If I was asked to sum this film up in a sentence it would be that this is the kind of film where the loo seat is always left up.
In the opening scene of La Ciénaga (The Swamp) a group of adults are drinking around the swimming pool of their summer house, the camera swoops in and around them focusing on separate body parts as if it’s another character. Mecha (Graciela Borges) collects some glasses but falls drunkenly. None of the adults come to help or even seem to realise what’s happened, it’s the children watching through a window that pull the glass out of her chest and take her to the hospital.
Mecha’s friend, possibly her cousin, Tali (Mercedes Morán) comes to stay with her own children. There’s now quite a crowd in the stifling heat. Ages range from middle age to young adult to teenager and child. The house is shabbily decadent; the maids are Collas, Indians and accused of stealing; the pool is always filthy; there’s a festering quality to the sunbathing on rusty metal chairs. In the sticky, uncomfortable heat no one wears many clothes and they all sprawl around in each others beds doing nothing for a lot of the time.
Continue reading “A Film For September: La Ciénaga”
The film begins with a group of children playing on their bikes by a road. Later the same day elegant, middle aged Verónica (Maria Onetto), is seen driving along a deserted road when her phone rings, looking down at it she hits something in the road, bangs her head and suffers mild concussion. We follow her as she gets treatment and we see that she is having a relationship with someone other than her husband. So far, so simple.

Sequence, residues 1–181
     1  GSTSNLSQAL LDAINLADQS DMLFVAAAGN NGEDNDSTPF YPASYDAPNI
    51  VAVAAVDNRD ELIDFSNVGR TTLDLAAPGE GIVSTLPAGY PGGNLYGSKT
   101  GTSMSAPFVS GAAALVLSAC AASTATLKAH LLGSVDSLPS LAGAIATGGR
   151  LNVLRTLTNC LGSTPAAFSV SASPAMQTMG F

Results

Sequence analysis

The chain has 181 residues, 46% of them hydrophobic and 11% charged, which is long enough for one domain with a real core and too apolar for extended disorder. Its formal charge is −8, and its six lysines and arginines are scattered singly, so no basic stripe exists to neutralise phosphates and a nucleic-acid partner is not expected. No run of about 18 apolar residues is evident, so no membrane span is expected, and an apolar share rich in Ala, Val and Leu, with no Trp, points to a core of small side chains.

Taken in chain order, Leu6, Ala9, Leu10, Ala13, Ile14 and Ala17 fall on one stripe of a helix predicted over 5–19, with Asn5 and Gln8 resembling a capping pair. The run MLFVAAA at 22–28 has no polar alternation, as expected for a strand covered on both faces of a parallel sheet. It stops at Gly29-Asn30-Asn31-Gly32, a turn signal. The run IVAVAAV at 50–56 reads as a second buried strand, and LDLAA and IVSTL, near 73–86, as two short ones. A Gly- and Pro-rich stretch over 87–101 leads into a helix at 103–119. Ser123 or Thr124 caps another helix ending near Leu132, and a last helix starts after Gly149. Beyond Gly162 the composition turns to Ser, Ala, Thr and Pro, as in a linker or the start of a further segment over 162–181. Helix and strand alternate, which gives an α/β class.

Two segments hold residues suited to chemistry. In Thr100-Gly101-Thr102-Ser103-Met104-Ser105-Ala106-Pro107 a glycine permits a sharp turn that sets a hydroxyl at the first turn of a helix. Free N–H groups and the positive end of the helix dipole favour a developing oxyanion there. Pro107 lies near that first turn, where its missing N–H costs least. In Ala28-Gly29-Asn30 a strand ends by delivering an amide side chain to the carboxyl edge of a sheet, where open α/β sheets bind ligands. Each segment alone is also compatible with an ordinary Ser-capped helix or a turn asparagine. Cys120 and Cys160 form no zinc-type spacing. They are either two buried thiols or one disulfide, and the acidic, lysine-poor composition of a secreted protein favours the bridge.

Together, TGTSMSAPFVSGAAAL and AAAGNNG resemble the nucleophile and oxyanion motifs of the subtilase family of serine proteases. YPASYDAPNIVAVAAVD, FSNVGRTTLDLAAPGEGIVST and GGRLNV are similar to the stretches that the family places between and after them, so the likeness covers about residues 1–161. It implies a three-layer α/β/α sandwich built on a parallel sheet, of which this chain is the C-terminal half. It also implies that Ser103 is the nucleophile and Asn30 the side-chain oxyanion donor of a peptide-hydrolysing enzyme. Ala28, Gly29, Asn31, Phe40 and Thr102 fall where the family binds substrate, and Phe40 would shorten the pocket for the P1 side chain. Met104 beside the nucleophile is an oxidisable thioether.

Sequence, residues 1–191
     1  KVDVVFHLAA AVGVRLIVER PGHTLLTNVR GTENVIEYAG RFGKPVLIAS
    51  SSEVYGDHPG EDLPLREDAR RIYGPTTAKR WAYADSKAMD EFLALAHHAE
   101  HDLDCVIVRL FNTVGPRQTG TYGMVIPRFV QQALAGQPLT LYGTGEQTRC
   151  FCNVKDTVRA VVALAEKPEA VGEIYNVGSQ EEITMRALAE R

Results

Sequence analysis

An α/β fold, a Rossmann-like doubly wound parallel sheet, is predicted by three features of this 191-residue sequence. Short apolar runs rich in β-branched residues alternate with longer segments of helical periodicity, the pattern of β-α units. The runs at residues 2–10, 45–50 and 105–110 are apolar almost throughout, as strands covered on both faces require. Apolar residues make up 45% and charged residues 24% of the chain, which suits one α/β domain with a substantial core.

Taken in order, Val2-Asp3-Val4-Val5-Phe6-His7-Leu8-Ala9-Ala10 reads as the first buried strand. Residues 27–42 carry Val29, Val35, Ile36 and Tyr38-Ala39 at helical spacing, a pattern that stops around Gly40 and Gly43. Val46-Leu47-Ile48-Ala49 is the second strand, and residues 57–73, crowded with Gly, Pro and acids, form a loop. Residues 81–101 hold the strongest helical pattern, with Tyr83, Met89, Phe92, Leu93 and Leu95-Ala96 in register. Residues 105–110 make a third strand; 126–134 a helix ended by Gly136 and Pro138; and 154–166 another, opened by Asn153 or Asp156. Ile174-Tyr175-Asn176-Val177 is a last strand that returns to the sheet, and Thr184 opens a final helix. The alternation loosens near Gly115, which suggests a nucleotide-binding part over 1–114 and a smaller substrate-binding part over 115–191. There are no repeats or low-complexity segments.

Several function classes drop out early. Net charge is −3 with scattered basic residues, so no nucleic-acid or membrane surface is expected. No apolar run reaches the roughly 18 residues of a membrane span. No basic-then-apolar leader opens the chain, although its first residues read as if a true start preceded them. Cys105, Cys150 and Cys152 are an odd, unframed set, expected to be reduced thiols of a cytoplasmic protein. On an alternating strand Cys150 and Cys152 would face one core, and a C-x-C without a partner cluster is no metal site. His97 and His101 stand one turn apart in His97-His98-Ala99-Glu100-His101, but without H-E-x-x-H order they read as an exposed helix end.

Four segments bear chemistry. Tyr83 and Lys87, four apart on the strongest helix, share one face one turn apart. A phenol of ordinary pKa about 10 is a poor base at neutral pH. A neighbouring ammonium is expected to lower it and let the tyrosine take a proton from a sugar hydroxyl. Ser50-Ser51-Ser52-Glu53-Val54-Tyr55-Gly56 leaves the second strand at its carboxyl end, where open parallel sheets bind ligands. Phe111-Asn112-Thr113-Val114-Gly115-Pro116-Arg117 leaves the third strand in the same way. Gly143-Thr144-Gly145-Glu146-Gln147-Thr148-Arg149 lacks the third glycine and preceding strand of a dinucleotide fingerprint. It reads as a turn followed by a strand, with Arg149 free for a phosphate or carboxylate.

But as the days go by with her family and extended family her emotional realities of everyday life start to become a bit hazy. Gradually all her activities from the previous day seem to disappear and under intense observation we watch as her grip on reality starts to unravel. Did she hit a dog or was it worse, was it a child? And this we don’t know, from the opening scene of the children playing it’s a possibility. And is her detachment from her world purely the result of the concussion or is it also guilt? Because of her affair, or is there more for her to feel guilty about? Verónica’s murky, disoriented mindset is portrayed as dreamlike and foggy as her paranoia makes her increasingly isolated.
Continue reading “A Film For September: The Headless Women”